Failing is not cool (the Lean Startup hype)

Failing is becoming too cool these days. I agree that it’s ok to fail, but it shouldn’t be a reason to give up easily. Listen to Marc Andreessen talk about this (watch starting from minute 18 to 21):

 https://www.youtube.com/watch?v=JYYsXzt1VDc

He doesn’t want to invest in someone that gives up easily, someone that tried then tried then tried until things started to work. The journey will probably take longer than what you think. I know lean startup teach us to fail quickly and move on. I don’t agree on that, I think you should keep trying until the end. Some startups pivot, some need to Grind, read this post by Fred Wilson titled The Pivot vs The Grind:
http://avc.com/2014/12/the-grind-vs-the-pivot/

Entrepreneurs are inpatient, but you really need to wait sometimes, don’t give up easily, you’ll not see results as quickly as you thought. Waiting 2yrs till you see some good traction is normal. Waiting 3yrs to reach breakeven point is also normal. Sometimes you just need to wait!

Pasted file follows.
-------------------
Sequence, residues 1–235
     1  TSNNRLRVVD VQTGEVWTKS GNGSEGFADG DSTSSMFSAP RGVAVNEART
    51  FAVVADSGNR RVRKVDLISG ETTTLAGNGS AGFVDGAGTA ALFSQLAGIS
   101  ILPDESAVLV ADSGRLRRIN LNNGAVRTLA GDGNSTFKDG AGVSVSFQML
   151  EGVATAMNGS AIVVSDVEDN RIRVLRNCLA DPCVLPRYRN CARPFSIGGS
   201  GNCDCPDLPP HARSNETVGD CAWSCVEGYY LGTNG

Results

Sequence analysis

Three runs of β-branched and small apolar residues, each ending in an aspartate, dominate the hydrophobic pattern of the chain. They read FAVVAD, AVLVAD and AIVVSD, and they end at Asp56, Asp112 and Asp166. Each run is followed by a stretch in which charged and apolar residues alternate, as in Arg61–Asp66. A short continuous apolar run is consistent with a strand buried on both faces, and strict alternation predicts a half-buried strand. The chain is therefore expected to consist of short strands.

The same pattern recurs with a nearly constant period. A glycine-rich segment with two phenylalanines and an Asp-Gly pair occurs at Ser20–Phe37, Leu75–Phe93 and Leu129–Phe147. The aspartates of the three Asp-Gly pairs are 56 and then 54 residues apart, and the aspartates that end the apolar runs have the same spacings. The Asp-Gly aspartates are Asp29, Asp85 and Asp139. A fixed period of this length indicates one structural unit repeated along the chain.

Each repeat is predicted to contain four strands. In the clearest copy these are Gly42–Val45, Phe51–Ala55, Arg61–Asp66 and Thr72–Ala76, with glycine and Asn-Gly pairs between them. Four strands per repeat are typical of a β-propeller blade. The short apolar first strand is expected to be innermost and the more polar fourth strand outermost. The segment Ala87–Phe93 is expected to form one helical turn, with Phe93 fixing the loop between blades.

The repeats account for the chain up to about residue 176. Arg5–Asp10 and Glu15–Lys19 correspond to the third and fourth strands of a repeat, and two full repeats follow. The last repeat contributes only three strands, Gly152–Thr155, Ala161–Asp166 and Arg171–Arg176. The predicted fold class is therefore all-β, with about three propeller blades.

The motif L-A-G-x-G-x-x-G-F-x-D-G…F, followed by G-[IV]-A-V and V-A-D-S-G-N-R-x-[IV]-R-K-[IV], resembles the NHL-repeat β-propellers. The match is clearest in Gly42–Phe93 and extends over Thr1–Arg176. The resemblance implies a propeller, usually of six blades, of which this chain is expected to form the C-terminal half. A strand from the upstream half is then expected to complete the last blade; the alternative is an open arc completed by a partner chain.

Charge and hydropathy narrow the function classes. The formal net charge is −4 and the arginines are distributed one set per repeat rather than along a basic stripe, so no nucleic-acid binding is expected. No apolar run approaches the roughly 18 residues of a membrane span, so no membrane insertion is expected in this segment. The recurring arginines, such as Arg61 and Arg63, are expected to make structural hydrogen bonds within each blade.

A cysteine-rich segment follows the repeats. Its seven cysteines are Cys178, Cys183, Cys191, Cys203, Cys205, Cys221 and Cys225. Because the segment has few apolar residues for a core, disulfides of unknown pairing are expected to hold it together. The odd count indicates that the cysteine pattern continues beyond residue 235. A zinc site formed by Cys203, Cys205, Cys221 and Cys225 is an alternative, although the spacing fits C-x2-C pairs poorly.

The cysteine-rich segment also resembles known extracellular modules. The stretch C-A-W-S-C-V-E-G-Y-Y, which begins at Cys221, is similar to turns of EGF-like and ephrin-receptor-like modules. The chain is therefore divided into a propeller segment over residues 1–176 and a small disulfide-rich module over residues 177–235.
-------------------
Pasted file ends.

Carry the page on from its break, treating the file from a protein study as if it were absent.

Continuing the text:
The biggest reason for startups to fail it’s because the founders give up. There is a difference between failing and giving up. I see many founders give up in their startup quit easily, they couldn’t withstand the pressure from family, friends and life. I can totally understand how intense it could be, but unfortunately thats the game, it’s so f***** difficult to build a startup.

90% of us will fail, and it’s ok. I appreciate the courage to try something new and appreciate what you learned during this journey. Failing is OK, but not cool.

Am I going to smile again in my life? Founders and Depression